Fight our complicity

This week we celebrated the posthumous Pulitzer for Ida B. Wells. Wells was recognized for the award because "it excellently and courageously reports the terrible and malicious violence against African-Americans during the lynching period."

At a time when few would address such a controversial topic, Wells put the spotlight on the topic. Through her tireless work, she refused to let the public go on with life. Wells forced her to face the evil of lynching or forever by participating in his practice.

That's why our meat wants to keep going. If we linger too long, we can no longer lie to what we didn't know. We will be forced to face the evil we have seen and it will cost us. Most of us don't want to pay these costs and have a lot of reasonable reasons why it's not the right time.

But only when we look at the problem, recognize its truth, and step into its reality, can we begin to make real changes.

We force ourselves to look

America has a long history of shocking images that force us to act. One of the best known are the funeral pictures of Emmett Till, a 14-year-old boy who was murdered in 1957. When he visited relatives in Mississippi, he was lynched for allegedly whistling at a white woman. His body was later salvaged from the river, brutally beaten and disfigured.

At the funeral in Chicago, Till's mother made the decision to have an open coffin. In his recent book on Till's Death and Legacy, historian Elliott Gorn offers this powerful reflection on what Till's mother did to open the coffin to the world.

Mamie Till Bradley turned pain into testimony and prophesied against racism and brutality. She spoke as the guardian of all children … Above all, she was a witness against evil, which forced others not to look away: “Let people see what you did to my boy. "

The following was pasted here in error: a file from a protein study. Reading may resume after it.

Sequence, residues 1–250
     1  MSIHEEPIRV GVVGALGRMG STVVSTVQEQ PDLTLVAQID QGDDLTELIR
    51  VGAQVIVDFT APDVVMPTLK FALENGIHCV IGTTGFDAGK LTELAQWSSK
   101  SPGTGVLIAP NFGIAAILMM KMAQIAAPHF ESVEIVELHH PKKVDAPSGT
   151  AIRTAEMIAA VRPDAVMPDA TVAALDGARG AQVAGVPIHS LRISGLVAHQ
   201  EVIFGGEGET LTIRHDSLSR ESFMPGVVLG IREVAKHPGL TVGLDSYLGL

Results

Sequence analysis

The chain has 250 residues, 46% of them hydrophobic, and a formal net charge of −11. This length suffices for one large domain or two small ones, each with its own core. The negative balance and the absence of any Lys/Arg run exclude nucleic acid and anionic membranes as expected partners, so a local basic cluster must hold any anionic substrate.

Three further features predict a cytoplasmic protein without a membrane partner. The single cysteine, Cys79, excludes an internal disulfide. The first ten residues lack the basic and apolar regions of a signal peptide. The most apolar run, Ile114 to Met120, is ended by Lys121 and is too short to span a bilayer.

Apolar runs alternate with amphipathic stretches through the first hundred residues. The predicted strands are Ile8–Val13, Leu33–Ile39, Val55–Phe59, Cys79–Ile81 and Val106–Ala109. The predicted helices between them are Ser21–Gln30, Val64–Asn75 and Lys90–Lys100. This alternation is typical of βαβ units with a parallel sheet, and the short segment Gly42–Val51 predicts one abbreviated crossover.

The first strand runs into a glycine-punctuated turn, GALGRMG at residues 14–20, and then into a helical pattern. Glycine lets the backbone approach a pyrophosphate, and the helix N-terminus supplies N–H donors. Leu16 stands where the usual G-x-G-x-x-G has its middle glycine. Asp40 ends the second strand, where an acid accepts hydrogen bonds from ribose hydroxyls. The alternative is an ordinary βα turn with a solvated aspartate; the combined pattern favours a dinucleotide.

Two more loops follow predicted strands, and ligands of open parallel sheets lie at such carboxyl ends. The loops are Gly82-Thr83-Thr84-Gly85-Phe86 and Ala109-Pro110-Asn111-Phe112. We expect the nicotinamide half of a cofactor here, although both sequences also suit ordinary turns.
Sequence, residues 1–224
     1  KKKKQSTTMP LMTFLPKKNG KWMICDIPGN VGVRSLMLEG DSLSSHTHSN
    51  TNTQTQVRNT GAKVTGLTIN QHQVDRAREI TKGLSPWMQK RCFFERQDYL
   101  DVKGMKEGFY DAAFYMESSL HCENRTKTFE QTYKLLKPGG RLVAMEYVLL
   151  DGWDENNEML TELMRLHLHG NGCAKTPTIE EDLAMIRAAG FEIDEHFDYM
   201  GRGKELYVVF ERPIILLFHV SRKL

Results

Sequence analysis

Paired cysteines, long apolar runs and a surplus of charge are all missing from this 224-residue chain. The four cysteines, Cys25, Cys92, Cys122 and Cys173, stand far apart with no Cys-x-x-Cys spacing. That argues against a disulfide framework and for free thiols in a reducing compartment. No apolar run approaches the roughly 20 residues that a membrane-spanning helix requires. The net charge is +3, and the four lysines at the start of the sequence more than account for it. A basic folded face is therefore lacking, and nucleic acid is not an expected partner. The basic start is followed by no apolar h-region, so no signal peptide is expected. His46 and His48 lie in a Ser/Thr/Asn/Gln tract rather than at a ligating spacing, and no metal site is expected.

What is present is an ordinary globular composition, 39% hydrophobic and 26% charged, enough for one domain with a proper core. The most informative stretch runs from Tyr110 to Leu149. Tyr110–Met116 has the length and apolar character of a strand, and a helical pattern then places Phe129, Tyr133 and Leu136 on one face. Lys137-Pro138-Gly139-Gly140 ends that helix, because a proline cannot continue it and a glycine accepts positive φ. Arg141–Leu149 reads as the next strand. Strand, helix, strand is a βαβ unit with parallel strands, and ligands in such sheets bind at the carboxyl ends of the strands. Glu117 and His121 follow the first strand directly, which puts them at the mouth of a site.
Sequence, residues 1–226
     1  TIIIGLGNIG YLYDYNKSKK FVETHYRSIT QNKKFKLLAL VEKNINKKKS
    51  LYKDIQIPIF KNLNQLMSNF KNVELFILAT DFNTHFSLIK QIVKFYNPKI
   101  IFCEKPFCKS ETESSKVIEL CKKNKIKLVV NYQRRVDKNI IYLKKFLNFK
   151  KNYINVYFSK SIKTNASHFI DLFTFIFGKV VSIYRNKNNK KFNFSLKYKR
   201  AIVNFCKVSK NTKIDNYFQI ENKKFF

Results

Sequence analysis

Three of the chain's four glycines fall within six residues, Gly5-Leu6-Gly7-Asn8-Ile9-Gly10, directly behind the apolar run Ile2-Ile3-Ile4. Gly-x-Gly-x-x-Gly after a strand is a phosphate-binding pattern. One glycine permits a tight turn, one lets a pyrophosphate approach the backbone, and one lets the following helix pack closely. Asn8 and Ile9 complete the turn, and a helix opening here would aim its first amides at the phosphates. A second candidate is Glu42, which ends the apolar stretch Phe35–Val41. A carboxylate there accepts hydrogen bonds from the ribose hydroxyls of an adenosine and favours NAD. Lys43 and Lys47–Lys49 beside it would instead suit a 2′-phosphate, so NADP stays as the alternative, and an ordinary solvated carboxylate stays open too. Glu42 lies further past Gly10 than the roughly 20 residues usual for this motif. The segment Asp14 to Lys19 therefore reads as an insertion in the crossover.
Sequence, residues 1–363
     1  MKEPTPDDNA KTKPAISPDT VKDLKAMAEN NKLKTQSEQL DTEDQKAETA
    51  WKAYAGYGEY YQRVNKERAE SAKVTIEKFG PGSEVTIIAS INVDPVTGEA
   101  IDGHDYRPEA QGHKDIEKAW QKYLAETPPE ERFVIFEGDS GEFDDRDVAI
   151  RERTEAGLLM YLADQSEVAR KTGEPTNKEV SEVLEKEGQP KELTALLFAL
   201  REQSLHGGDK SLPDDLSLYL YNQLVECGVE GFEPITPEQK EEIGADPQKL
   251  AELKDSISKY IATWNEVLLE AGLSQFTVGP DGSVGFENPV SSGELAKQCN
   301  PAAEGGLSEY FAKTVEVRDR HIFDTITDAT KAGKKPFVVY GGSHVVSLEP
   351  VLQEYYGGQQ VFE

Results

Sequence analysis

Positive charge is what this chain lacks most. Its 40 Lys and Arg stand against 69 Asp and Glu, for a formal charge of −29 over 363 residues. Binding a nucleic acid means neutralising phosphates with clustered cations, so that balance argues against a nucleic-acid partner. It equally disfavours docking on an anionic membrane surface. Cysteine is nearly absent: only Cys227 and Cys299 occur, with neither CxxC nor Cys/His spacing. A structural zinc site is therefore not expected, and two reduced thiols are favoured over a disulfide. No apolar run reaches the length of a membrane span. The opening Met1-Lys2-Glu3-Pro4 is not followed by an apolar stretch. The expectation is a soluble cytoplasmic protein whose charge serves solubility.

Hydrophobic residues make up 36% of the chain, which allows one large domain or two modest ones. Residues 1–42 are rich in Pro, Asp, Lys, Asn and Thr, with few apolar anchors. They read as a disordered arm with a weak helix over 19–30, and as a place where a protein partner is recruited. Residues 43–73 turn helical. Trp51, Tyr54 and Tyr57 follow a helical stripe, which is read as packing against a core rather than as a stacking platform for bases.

Through iconic photographs of Till's body in the coffin, Bradley forced observers – and still forces us today – to face the reality of their pain and the system of racism and injustice that caused it. In this way, Bradley removed the facade of feigned ignorance from others. They could no longer pretend they didn't know what was going on. They were forced to choose between guilt in evil or to oppose it.

Today we have to face new stories of suffering. Today we cannot look away.

We must testify to evil and urge to see what we do not want to see, thereby taking away the possibility of ignorance. God does not look away from the pain and distress of his people. When we look away or quickly scroll to the next story, we reveal something that contradicts our love and that of God – a separation between our commitment to His inherent spirit and our own. In order to…

Preacher, don't look away, come in on Sunday.

Elders, don't look away, but step into church culture.

Teacher, don't look away, just step into the classroom.

Leaders, don't look away, but step into it in your organizations.

Parents, don't look away, come in at home.

Start by listening to the voices of those for whom this is not a momentary experience but a lived reality. Start by looking at the cultural baggage that allows such a different approach to such stories. Start with prayers of complaint and repentance and lead others to do so.

It is difficult. It will undoubtedly cost us something. But it will make us more like Jesus.

Look away now or never.

Andrew MacDonald is deputy director of the Billy Graham Center Institute at Wheaton College.